SEATTLE – After a three-month streak of generally below-average temperatures, the Pacific Northwest has undergone a radical shift to record-breaking heat as an intense ridge of high pressure remains settled over the region to begin the workweek.
Records began falling Friday as warmer air surged into the region. Seattle reached 82 degrees while Portland hit 90 degrees – both daily records for the cities. On Saturday, Seattle's 86-degree high and Portland's 93-degree high set daily records for the second straight day.
Sunday marked the third consecutive day of record heat in Seattle, which topped out at 89 degrees, and also in Portland, which had a high of 92 degrees. But perhaps even more impressive was the pair of all-time May record highs set Sunday along the Pacific coast of Washington: 91 degrees in Hoquiam and 92 degrees in Quillayute.
Heat Advisories remain in effect Monday for more than 9 million people across western Washington, northern Oregon and portions of California's Central Valley. High temperatures are again expected to reach the upper 80s to mid-90s for an area where air conditioning remains scant.
"(When) we lived in Seattle, we did not have central (air conditioning)," remembered FOX Weather meteorologist Craig Herrera. "You had to buy the unit that goes into the windows, and this time of year when you’ve got this kind of stretch (of heat), the hardware stores are running out of A/C’s. They’re running out of fans because … a survey from American Housing says that only 44% of households in Seattle have A/C – that’s nothing."
The National Weather Service warns of a major risk of heat-related illnesses in the region's lowlands and foothills for anyone who does not have access to effective cooling and/or adequate hydration.
"These temperatures – you don't see this all too often," FOX Weather meteorologist Jane Minar said. "We've got this surge of warmth from the south, and it has really pumped up the temperatures from really the Central Valley in California clear on up that I-5 corridor."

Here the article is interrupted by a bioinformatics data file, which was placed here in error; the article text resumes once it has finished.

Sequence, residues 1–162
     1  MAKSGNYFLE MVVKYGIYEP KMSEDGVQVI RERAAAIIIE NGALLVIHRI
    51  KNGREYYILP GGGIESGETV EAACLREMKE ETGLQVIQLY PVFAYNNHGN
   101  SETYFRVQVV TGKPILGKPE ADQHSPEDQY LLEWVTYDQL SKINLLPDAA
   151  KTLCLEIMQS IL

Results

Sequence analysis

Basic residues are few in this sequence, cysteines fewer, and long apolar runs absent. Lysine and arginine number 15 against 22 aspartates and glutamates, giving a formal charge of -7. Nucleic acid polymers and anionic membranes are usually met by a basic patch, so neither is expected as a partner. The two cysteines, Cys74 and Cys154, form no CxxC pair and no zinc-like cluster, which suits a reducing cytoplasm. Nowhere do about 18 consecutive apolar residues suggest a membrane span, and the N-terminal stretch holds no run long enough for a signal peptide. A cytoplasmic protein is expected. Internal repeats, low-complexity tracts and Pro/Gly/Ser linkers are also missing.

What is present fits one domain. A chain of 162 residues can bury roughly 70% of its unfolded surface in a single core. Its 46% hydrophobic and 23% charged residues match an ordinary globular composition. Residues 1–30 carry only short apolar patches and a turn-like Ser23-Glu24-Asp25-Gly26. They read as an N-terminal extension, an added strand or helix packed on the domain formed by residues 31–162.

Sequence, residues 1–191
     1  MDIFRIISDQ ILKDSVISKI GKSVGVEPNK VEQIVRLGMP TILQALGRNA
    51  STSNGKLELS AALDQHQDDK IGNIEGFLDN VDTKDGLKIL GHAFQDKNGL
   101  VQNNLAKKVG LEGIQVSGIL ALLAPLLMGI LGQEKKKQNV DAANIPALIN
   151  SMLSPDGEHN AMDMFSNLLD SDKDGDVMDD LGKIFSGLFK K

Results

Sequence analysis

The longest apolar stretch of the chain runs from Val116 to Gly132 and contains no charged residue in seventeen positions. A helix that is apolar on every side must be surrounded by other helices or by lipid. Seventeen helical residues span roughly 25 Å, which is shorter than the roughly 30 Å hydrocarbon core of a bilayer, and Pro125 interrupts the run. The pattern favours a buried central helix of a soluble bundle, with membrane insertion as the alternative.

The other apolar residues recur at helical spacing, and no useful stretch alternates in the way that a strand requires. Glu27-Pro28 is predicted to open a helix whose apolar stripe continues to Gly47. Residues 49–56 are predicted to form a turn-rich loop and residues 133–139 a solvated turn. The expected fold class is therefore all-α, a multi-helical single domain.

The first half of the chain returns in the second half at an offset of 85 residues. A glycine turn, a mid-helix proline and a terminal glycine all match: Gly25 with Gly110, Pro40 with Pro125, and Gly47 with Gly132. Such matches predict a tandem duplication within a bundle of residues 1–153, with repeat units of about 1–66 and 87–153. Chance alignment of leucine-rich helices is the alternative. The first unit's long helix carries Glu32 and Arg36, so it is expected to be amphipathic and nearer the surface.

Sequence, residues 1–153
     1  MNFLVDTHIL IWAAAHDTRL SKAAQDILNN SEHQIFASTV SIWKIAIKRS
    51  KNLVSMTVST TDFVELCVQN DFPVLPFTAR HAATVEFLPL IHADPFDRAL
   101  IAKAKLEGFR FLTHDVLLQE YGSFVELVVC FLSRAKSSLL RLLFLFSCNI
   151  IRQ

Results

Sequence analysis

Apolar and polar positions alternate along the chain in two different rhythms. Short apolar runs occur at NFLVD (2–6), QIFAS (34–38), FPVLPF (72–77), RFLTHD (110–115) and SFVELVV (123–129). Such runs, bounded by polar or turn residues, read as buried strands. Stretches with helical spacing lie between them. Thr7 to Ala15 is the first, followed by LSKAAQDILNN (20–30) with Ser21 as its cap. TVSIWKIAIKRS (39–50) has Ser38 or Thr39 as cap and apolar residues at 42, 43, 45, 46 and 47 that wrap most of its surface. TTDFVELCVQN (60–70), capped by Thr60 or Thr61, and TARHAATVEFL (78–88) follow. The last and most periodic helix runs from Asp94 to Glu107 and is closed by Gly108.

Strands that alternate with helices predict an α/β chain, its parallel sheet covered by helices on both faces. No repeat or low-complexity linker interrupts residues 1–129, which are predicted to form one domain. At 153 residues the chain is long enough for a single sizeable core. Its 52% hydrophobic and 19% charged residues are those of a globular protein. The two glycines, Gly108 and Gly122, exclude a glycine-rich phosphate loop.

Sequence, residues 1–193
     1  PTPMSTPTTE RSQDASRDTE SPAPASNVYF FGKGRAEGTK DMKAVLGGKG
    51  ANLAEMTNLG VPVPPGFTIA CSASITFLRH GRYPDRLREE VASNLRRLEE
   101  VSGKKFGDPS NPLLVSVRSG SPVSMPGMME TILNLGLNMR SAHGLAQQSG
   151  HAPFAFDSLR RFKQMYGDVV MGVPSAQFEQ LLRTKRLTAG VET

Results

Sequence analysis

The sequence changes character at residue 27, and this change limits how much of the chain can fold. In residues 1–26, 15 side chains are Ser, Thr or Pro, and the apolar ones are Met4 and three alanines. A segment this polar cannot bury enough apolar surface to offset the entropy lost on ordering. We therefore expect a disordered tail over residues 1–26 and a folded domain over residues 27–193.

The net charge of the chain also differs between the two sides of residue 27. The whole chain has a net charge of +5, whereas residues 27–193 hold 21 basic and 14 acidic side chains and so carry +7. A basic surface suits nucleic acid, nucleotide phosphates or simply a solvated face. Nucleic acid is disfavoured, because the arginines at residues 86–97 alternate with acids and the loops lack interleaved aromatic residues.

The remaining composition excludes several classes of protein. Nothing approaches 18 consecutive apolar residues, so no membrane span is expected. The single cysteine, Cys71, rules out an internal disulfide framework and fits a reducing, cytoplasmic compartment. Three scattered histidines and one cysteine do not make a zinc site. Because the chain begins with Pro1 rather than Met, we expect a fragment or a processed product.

While the Pacific Northwest will generally be in the mid- to upper 80s to near 90 degrees, highs could reach the mid- to upper 90s in portions of California's Central Valley, perhaps even approaching 100 degrees in Bakersfield Monday afternoon.
And while the peak of the heat is pushing east, well-above-average temperatures are expected to hold through most of this week, with the added challenge of anomalous higher humidity levels for the region as some monsoonal moisture from the Desert Southwest works its way into the region.
Seattle could potentially reach a high temperature of at least 80 degrees for seven days in a row, which would shatter the previous May record of four 80-plus-degree days in a row. Monday is expected to be the fourth straight day of 80-degree warmth.
"I think it's got many people wondering, is it mid-July?" Minar said.
The heat will send the ongoing snowmelt into overdrive, and area rivers and streams should expect to see rising levels this week.
Flooding concerns from snowmelt have already prompted the closure of several campgrounds at Yosemite National Park beginning Monday.
The rapid warmup will also increase the risk of brush fires across the Pacific Northwest and could trigger an earlier start of the fire season, the NWS warned.
The air is hot, but the waters are cold
Officials are concerned many will head to the region's plentiful and inviting rivers and lakes to cool off.
The NWS is expressing serious concern there will be cold-water-related incidents with the heat and stresses for those heading out on the water to wear a life jacket.
The shock heading from air temperatures in the 80s and 90s to water temperatures in the 40s can lead to difficulty swimming, even for experienced swimmers, and can eventually lead to drowning if not wearing a flotation device.